we mean more than we say.

But, my friends, I have detained you much longer than I expected to
do. I believe I may do myself the compliment to say that you have
stayed and heard me with great patience, for which I return you my
most sincere thanks.

ON PROTECTIVE TARIFFS

TO EDWARD WALLACE.

CLINTON, October 11, 1859

Dr. EDWARD WALLACE.

MY DEAR SIR:--I am here just now attending court. Yesterday, before
I left Springfield, your brother, Dr. William S. Wallace, showed me a
letter of yours, in which you kindly mention my name, inquiring for
my tariff views, and suggest the propriety of my writing a letter
upon the subject. I was an old Henry-Clay-Tariff Whig. In old times
I made more speeches on that subject than any other.

I have not since changed my views. I believe yet, if we could have a
moderate, carefully adjusted protective tariff, so far acquiesced in
as not to be a perpetual subject of political strife, squabbles
changes, and uncertainties, it would be better for us. Still it is
my opinion that just now the revival of that question will not
advance the cause itself, or the man who revives it.

I have not thought much on the subject recently, but my general
impression is that the necessity for a protective tariff will ere
long force its old opponents to take it up; and then its old friends
can join in and establish it on a more firm and durable basis. We,
the Old Whigs, have been entirely beaten out on the tariff question,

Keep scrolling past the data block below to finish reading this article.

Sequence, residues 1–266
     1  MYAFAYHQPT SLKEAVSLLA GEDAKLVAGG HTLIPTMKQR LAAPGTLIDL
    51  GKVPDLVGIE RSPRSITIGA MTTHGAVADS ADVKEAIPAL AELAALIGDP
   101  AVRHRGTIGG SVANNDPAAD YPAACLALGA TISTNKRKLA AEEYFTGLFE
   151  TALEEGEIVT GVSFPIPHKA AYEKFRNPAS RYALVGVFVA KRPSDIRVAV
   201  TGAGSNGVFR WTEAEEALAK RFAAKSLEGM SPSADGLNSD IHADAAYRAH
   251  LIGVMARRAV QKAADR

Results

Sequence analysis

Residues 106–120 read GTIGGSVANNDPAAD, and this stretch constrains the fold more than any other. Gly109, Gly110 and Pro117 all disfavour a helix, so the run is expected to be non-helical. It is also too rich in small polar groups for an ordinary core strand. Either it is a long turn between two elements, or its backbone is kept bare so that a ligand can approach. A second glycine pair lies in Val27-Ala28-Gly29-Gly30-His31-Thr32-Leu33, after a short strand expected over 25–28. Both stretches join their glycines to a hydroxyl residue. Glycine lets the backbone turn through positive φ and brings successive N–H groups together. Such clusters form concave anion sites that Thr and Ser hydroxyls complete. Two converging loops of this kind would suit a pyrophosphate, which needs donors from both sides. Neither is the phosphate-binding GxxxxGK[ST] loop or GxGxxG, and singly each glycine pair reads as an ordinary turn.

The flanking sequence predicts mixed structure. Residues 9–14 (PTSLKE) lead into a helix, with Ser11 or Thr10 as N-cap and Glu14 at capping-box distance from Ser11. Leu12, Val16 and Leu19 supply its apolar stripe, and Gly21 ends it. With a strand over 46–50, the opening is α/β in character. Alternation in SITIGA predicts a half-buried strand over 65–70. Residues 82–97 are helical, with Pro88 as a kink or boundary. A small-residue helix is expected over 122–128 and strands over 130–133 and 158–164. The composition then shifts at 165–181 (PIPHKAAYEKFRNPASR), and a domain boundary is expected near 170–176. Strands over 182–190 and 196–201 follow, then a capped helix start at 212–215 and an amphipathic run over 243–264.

and we shall not be able to re-establish the policy until the absence
of it shall have demonstrated the necessity for it in the minds of
men heretofore opposed to it. With this view, I should prefer to not
now write a public letter on the subject. I therefore wish this to
be considered confidential. I shall be very glad to receive a
letter from you.

Yours truly,
A. LINCOLN.

ON MORTGAGES

TO W. DUNGY.

SPRINGFIELD, November, 2, 1859.

WM. DUNGY, Esq.

DEAR SIR:--Yours of October 27 is received. When a mortgage is given
to secure two notes, and one of the notes is sold and assigned, if
the mortgaged premises are only sufficient to pay one note, the one
assigned will take it all. Also, an execution from a judgment on the
assigned note may take it all; it being the same thing in substance.
There is redemption on execution sales from the United States Court
just as from any other court.

You did not mention the name of the plaintiff or defendant in the
suit, and so I can tell nothing about it as to sales, bids, etc.
Write again.

Yours truly,

A. LINCOLN.

FRAGMENT OF SPEECH AT LEAVENWORTH, KANSAS,
DECEMBER, 1859.

............. But you Democrats are for the Union; and you greatly
fear the success of the Republicans would destroy the Union. Why? Do
the Republicans declare against the Union? Nothing like it. Your own
statement of it is that if the Black Republicans elect a President,
you "won't stand it." You will break up the Union. If we shall
constitutionally elect a President, it will be our duty to see that